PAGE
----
This first psalm, then,  is about an individual, and his relationship not so much with God as with God’s rules for a holy, healthy and happy life.  It’s short enough for us to sing the whole thing (occasionally one or two lines are trimmed, but as it stands it’s three stanzas of six lines each).  It’s black and white, and robust in its language, but doesn’t need to be played down, because the psalmist has nothing to do with desiring the fate of the wicked, he’s just describing natural consequences. The music for this one is simple and like a folk song, because I wrote it for St David’s Day, with even a quotation from The Ash Grove to emphasize its Welsh roots, with St David being the patron saint of Wales.

Psalm 150 : isn’t God amazing ?!

Psalm 150 is even shorter, again three stanzas, but this time only four lines each, with an Alleluia at the beginning and end.  But the atmosphere of this psalm is totally different.  It’s joyous, chaotic, it tumbles over itself, and it’s all about praising God.  The Law is not mentioned, the psalmist is not mentioned.  It’s all a command to praise God.  Ten of the twelve lines start with the word ‘Praise’ in the imperative.  God is not asked to come down or intervene in any way.  He is ‘in his holy place’, ‘in his mighty heavens’, and we are not praising him for rescuing us, as so often in the Psalms, we are praising him because of what he does (‘his powerful deeds’) and what he is (‘his surpassing greatness’).   But there is nothing impersonal or dry about this God.  The call to praise is coming from someone personally convinced of the wonder and glory of God, so convinced that he is calling on others to come and join in.

God creating heaven and earth
What god is great as our God?
The power of music to praise God

Then the psalmist lists all the instruments used in the Temple and piles them up.  One commentator says that the different instruments symbolise those who use them, the trumpet (or horn) for the High Priest, the lute and harp for the Levites (but I would say, the musicians), the timbrel and dance traditionally for the women, the strings and pipes for the men, and it’s unclear who is playing the two different sets of cymbals, but maybe one group could be foreigners or visitors.  The psalm ends with an invitation to ‘everything that lives and that breathes’ to join in.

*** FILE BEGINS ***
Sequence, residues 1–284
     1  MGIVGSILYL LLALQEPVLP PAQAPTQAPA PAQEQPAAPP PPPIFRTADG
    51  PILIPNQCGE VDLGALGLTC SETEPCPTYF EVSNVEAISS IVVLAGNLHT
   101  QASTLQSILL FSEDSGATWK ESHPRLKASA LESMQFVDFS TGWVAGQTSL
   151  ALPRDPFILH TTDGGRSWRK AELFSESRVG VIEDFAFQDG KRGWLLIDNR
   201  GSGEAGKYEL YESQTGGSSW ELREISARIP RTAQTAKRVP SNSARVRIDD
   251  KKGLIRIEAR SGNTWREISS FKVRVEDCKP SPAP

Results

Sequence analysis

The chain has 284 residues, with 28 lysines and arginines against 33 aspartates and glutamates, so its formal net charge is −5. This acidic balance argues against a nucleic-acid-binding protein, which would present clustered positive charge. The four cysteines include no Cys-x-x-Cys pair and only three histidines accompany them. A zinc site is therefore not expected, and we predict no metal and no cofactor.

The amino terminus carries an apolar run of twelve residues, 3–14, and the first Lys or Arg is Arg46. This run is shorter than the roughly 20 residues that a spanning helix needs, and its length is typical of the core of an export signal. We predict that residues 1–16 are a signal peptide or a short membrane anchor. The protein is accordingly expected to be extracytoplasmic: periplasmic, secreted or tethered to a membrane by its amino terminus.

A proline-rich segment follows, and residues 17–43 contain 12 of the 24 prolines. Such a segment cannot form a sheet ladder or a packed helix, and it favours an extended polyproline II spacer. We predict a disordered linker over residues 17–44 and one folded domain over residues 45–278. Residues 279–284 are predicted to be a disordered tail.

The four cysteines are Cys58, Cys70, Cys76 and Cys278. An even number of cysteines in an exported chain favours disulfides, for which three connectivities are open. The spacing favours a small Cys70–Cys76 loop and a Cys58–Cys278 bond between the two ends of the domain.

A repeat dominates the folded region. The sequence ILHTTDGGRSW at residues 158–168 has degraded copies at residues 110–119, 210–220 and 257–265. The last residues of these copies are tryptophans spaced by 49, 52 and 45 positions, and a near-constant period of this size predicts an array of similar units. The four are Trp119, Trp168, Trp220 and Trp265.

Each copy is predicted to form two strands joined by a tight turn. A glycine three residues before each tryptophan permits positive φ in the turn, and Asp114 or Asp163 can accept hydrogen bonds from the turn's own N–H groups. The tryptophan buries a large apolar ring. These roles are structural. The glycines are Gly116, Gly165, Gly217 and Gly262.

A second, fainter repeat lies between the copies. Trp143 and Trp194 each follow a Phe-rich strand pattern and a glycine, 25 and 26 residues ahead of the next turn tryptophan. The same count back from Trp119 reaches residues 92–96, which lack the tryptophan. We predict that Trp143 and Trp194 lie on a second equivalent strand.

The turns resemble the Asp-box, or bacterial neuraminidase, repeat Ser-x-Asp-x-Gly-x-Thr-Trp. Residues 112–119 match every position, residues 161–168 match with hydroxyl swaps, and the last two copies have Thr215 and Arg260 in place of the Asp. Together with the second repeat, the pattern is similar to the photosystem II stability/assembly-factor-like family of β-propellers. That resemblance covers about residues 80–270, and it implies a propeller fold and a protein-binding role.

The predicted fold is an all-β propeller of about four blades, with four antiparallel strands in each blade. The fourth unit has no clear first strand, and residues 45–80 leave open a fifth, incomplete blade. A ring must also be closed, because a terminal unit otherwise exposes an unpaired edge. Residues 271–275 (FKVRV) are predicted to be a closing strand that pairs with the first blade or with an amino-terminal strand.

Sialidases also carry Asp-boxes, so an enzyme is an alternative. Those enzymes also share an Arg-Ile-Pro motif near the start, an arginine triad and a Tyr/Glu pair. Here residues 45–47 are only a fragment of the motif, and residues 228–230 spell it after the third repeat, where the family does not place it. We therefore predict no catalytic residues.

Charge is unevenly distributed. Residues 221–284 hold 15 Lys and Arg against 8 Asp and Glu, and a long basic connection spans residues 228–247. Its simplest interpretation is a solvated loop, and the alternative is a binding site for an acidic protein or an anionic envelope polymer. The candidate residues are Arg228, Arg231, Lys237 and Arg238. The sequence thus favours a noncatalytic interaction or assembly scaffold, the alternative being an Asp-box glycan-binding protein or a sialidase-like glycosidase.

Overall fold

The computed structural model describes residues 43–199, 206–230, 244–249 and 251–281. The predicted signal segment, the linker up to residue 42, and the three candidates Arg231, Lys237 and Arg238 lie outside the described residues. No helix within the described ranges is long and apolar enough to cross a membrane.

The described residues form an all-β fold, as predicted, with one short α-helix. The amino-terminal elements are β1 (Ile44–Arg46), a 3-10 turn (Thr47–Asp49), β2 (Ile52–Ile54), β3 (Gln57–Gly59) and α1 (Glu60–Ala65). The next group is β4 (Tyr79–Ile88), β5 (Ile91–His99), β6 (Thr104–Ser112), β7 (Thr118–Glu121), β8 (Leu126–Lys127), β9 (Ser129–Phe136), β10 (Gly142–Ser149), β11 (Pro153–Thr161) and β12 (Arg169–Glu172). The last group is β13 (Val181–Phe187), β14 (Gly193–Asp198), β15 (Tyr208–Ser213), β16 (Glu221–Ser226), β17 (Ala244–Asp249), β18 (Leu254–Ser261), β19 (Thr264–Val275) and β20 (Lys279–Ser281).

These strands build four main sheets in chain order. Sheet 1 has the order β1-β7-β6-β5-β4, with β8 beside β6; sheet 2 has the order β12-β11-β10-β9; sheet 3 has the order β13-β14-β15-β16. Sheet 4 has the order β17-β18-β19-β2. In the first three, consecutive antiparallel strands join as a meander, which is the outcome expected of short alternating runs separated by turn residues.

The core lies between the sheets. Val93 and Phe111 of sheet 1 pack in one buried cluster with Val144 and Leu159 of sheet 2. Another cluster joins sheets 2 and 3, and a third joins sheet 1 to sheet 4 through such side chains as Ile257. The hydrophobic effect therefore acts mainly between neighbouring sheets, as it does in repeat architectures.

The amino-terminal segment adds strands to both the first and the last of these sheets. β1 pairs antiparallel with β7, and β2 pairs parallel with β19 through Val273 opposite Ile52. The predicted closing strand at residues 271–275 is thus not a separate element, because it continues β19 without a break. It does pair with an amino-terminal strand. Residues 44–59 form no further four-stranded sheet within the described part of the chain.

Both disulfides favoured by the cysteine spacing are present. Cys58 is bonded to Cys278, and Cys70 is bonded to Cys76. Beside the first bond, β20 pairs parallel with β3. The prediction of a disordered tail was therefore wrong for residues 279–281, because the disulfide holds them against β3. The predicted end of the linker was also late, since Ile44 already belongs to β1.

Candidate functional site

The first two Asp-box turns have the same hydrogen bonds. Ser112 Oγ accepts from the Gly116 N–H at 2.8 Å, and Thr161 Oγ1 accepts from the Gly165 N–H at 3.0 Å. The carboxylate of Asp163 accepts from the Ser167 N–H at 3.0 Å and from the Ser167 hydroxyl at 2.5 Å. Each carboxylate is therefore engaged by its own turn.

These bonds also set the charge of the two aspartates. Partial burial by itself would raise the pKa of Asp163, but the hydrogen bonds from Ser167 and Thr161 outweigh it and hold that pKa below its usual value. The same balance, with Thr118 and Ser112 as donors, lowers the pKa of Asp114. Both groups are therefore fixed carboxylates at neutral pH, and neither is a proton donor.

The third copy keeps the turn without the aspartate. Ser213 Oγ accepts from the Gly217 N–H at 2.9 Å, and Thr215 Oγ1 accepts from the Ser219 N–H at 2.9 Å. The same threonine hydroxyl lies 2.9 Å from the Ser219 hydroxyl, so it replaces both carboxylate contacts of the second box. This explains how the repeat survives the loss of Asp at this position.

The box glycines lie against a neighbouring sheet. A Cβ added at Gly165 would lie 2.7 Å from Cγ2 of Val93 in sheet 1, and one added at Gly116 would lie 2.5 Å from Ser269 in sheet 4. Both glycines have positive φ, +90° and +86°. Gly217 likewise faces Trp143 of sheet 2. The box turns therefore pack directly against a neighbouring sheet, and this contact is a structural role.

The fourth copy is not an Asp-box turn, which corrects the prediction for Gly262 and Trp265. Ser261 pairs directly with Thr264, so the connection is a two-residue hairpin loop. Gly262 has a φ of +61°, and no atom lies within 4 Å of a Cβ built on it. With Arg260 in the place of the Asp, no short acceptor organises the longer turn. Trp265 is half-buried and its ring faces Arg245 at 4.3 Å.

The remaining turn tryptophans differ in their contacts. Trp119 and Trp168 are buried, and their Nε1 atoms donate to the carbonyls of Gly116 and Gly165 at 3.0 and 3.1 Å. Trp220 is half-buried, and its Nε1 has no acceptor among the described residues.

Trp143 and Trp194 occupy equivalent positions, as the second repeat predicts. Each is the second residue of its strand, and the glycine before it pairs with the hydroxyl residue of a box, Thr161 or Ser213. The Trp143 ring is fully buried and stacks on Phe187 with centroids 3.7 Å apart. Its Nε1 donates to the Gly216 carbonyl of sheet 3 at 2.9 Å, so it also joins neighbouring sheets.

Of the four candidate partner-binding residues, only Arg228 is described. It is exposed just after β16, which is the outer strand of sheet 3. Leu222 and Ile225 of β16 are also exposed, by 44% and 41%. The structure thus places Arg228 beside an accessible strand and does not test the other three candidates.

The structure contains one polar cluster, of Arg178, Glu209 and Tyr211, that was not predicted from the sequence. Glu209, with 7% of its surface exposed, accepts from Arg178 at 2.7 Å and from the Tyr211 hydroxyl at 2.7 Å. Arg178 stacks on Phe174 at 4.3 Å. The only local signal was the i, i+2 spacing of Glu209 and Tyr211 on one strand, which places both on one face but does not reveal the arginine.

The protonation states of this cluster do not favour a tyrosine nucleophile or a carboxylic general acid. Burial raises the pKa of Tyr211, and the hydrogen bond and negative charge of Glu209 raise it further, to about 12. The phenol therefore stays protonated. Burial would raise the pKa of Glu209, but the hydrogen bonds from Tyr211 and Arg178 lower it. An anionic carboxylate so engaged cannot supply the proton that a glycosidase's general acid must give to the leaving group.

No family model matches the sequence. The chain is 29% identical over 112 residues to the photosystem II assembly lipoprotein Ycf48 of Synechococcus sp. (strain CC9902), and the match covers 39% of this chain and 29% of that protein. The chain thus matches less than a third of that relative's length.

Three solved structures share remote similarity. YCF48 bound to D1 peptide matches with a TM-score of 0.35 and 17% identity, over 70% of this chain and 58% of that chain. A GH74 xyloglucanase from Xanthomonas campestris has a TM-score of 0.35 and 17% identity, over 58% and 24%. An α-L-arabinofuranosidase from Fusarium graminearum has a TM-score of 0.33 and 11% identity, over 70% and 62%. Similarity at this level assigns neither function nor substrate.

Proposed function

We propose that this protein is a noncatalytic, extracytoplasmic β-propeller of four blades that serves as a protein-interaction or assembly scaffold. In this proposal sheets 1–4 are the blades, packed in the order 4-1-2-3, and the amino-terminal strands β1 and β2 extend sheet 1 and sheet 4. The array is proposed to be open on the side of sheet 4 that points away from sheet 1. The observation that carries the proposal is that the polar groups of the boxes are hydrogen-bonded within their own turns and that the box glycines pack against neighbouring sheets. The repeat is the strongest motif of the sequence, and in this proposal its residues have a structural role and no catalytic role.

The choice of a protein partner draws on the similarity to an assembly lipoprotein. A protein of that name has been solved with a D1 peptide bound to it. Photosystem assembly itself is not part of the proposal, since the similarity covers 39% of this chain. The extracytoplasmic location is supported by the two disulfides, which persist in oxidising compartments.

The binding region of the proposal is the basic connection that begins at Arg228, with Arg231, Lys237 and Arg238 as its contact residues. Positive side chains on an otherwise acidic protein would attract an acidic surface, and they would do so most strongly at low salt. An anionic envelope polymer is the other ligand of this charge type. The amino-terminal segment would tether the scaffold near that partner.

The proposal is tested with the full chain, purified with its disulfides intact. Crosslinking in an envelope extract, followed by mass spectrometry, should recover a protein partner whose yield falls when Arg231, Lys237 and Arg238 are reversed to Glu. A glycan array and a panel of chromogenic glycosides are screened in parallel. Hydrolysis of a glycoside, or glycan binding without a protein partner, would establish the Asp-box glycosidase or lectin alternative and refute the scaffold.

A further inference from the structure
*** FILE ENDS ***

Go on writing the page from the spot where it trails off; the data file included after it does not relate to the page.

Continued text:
Musicians and tumbler
Church musicians encouraging everyone to join in

It’s really exciting and fun, and I was surprised to find that I hadn’t set it before, which means that it’s not prescribed for any Sunday or major feast in the three year Lectionary. I can only guess that this is because of its position in the Book of Psalms, and the way it feels like a culmination of the whole sequence in a triumphant final shout of praise.  We sing Ps 147 repeatedly, but the last three psalms only rarely.  They are all litanies of praise, with Ps 150 the most exuberant, hence its position.

Setting the last of the psalms
Musician king with courtiers
Let’s all join in with David’s psalms

How do you set words like these? Ideally you have the instruments to play each their own part, but of course most of us don’t, so all I can do is attempt to suggest them (if, on the other hand, you are lucky enough to have a little drum or cymbal, I’ve left rests where you can add them to the mix).  The tune needs to be simple rather than sophisticated, using the repetition that is so strong a feature of the words, and above all easy to pick up and join in confidently.  The cantor has to deal with a dancing rhythm, but the Response is straightforward and strong.  It’s also the first line of the Sanctus, so it’s familiar, and maybe it will help people get over trying to pause after the third ‘Holy’, even though the comma is no longer there (this can’t be only my parish, surely?).   We have lost the Alleluia at the beginning and the end, but as the First Reading reminds us, this Response is what the angels sing in God’s presence, so we can put our hearts into it and ‘swell the mighty flood’, as the old hymn says.  When we sing the psalms, we are not just singing with all the angels, either; we are singing with all the millions of people through history who have appreciated the wonderful resource that is the Book of Psalms.  It is a great privilege to be able to sing these words and put them to music for others to do so.  What a wonderful throng to have around you.

Church choir
everybody wideawake and joining in the singing

© Kate Keefe and Music for Mass 2020 Unauthorized use and/or duplication of this material without express and written permission from this site’s author and/or owner is strictly prohibited. Excerpts and links may be used, provided that full and clear credit is given to Kate Keefe and Music for Mass with appropriate and specific direction to the original content.